|Publication number||US6114969 A|
|Application number||US 09/166,755|
|Publication date||Sep 5, 2000|
|Filing date||Oct 5, 1998|
|Priority date||Oct 5, 1998|
|Also published as||WO2000021293A1|
|Publication number||09166755, 166755, US 6114969 A, US 6114969A, US-A-6114969, US6114969 A, US6114969A|
|Inventors||James Allen Hymel|
|Export Citation||BiBTeX, EndNote, RefMan|
|Patent Citations (3), Referenced by (18), Classifications (16), Legal Events (7)|
|External Links: USPTO, USPTO Assignment, Espacenet|
The present invention is related to the following inventions which are assigned to the same assignee as the present invention:
Application Ser. No. 08/627,642 filed Mar. 30, 1996 by Deluca et al., entitled "Advertiser Pays Information and Messaging System and Apparatus;" now U.S. Pat. No. 5,870,030 and
Application Ser. No. 09/036,978 filed Mar. 9, 1998 by Hymel, entitled "Controlling Access to a Feature of a Selective Call Receiver that Stores Advertisements;" now U.S. Pat. No. 6,008,739 and
Application Ser. No. 09/144,236 filed Aug. 31, 1998 by Hymel, entitled "Method in a Selective Call Radio for Ensuring Reception of Advertisement Messages;" now U.S. Pat. No. 6,031,467 and
Application Ser. No. 09/104,245 filed Jun. 24, 1998 by Hymel, entitled "Radio Communication System for Communicating Scheduled Messages and Method Therefor;" now pending.
This invention relates in general to communication systems delivering radio messages, and particularly, to a method in a selective call radio for presenting advertisement messages and coupons.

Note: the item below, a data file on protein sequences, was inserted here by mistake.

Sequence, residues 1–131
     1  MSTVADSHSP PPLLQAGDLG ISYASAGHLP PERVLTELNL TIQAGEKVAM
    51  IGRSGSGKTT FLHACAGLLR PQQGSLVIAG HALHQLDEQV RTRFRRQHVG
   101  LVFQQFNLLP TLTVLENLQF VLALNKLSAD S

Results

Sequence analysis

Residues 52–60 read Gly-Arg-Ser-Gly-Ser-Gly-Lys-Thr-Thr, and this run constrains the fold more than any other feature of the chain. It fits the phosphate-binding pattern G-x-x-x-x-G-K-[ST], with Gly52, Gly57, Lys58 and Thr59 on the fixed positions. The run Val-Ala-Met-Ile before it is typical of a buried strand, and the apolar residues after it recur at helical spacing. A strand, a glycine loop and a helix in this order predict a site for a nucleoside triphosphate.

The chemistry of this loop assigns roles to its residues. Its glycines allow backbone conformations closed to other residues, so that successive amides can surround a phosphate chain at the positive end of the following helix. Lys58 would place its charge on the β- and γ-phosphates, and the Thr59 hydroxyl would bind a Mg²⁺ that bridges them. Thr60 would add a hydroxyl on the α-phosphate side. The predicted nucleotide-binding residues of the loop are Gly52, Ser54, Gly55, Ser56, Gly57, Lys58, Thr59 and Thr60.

Radio communication systems that transmit selective call messages to SCRs (selective call radios), such as cellular phones and pagers, have been in use for some time now. The type of selective call messages transmitted to SCRs range anywhere from personal messaging (e.g., pages, telephonic messages) to information services (e.g., advertising, news, weather, etc.).
To augment the number of SCRs in use, service providers are teaming up with advertisers to provide free service to end users. Such a team effort benefits both service providers and advertisers. That is, by providing free service, service providers increase their sales volume of SCRs, while advertisers disseminate advertisement messages, with at times, redeemable coupons to lure consumers to purchase the advertised products.
Accordingly, a need exists for a method in a selective call radio for presenting advertisement messages and coupons to users of the SCRs.
The present invention is pointed out with particularity in the appended claims. However, other features of the invention will become more apparent and best understood by referring to the following detailed description in conjunction with the accompanying drawings in which: